Britain was U.S. President George W. Bush’s main ally in the March 2003 U.S.-led occupation of Iraq.

Iraqi Prime Minister Nuri al-Maliki was quoted on Monday as saying it was time for British soldiers to leave the south of the country because they were no longer needed there.

Maliki told The Times newspaper in an interview there might still be a need for their experience in training Iraqi forces and on some technological issues, but the emphasis was now on business links.

He said "the page has been turned".

"The Iraqi arena is open for British companies and British friendship, for economic exchange and positive cooperation in science and education," he said.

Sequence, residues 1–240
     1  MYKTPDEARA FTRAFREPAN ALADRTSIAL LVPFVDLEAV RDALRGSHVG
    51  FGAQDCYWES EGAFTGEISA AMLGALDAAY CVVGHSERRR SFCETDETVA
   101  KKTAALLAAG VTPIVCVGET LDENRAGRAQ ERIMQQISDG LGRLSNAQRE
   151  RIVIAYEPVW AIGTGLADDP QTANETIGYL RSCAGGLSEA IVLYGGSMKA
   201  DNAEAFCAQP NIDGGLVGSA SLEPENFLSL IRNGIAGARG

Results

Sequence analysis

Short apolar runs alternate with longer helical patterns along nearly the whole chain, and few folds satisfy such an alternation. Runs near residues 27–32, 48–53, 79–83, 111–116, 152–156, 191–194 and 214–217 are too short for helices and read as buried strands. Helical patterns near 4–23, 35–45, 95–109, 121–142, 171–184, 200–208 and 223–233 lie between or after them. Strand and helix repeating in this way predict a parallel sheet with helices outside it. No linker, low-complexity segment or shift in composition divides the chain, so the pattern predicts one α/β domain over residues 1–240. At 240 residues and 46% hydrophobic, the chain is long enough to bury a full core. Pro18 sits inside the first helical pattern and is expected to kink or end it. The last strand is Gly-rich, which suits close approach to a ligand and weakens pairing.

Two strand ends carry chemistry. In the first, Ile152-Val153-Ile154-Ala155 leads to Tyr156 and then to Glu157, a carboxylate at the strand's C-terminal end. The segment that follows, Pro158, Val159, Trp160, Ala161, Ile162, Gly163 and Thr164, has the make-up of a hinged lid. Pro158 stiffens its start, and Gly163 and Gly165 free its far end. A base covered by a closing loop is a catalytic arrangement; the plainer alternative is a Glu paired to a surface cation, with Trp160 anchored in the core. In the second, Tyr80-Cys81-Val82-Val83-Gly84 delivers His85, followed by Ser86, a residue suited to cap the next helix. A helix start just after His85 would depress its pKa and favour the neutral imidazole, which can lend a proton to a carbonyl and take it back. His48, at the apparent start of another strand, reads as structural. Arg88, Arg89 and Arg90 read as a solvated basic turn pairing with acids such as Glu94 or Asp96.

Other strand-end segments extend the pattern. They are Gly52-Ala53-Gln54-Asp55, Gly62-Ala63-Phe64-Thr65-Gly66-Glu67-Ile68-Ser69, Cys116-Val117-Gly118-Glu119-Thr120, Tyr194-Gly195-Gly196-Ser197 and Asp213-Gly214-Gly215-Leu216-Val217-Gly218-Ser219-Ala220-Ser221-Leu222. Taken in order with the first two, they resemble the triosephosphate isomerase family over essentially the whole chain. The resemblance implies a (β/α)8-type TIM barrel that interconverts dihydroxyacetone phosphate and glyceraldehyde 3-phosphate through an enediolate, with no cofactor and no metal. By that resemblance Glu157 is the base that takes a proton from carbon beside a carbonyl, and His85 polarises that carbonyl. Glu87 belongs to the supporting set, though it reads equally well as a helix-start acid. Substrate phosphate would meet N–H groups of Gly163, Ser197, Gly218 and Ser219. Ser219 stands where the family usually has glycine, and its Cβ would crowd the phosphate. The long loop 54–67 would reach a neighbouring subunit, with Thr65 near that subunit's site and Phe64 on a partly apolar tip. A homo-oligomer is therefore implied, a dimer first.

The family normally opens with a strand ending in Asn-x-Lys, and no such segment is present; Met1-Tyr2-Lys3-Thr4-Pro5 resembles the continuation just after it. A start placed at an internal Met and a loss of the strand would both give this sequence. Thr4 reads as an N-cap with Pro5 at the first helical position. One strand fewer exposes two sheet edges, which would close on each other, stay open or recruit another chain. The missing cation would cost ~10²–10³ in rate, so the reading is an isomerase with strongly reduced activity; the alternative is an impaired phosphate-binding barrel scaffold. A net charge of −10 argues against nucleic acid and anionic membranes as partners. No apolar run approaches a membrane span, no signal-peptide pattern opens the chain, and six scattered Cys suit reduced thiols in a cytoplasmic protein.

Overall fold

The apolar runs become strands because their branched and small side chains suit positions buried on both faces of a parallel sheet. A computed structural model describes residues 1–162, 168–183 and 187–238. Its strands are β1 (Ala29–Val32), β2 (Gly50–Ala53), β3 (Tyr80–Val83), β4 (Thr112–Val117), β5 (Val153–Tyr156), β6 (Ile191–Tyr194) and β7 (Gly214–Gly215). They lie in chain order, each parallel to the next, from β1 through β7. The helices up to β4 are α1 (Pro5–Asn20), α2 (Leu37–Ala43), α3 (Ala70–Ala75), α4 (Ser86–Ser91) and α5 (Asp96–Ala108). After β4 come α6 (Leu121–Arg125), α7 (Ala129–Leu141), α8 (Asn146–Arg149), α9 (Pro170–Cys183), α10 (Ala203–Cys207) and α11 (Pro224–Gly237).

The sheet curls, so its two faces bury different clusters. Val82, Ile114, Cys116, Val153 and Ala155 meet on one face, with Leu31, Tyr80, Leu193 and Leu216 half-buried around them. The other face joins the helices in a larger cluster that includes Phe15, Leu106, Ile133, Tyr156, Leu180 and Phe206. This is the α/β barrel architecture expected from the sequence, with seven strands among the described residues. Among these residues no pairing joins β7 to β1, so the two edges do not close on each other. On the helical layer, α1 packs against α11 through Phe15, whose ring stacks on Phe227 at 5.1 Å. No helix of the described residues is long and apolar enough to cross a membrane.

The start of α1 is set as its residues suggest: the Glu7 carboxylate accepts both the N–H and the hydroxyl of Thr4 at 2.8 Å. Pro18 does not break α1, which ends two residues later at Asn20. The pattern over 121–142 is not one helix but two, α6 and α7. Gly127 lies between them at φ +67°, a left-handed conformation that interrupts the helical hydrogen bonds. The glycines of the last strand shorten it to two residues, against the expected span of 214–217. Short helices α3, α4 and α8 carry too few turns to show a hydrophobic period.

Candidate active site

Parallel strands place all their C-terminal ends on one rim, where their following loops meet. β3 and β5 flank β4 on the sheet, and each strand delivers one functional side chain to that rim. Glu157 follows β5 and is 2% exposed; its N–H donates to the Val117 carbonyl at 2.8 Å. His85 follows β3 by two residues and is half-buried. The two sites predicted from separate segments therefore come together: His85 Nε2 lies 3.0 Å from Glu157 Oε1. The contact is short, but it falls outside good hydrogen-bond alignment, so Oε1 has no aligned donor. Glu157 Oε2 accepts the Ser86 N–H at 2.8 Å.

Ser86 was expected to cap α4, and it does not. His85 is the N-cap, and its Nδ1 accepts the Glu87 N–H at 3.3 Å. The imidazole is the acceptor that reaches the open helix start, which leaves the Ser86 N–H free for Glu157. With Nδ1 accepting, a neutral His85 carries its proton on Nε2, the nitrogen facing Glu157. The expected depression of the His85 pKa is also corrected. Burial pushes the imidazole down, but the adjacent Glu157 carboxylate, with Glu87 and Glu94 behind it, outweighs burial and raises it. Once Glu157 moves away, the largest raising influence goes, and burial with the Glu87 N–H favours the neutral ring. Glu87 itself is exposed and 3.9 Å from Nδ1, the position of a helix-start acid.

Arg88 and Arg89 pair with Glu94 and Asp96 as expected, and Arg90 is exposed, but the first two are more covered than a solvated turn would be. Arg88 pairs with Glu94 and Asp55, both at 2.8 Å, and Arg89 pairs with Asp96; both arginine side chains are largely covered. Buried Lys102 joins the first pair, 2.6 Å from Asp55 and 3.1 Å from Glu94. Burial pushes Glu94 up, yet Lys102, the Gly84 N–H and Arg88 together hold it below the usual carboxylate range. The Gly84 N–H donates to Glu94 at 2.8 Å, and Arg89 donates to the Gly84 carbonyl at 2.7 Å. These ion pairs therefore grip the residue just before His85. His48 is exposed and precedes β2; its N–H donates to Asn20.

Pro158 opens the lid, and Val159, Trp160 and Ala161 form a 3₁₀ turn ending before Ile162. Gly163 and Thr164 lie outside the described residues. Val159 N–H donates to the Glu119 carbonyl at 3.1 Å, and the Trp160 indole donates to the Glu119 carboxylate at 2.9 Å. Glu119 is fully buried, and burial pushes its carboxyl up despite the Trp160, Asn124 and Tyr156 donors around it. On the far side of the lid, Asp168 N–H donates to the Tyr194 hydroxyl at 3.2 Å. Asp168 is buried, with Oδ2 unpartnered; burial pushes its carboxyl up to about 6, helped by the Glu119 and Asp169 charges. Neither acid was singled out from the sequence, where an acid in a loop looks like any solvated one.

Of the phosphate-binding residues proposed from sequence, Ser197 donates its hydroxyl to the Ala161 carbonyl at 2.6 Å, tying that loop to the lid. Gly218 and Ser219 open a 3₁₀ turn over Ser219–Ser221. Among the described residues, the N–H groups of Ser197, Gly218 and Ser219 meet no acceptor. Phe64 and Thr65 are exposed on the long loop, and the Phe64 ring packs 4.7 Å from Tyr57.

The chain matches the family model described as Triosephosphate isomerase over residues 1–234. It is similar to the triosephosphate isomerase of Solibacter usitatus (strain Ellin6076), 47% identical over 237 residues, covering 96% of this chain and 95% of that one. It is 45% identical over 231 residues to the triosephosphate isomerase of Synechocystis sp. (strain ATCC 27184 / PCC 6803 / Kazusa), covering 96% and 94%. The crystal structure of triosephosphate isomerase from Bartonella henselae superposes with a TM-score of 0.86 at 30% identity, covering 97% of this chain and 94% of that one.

Britain was U.S. President George W. Bush’s main ally in the March 2003 U.S.-led occupation of Iraq.

Britain has 4,100 troops in Iraq at present.

Reuters

MRN

Author: MRN Network

The aspiration of the Media Review Network is to dispel the myths and stereotypes about Islam and Muslims and to foster bridges of understanding among the diverse people of our country. The Media Review Network believes that Muslim perspectives on issues impacting on South Africans are a prerequisite to a better appreciation of Islam.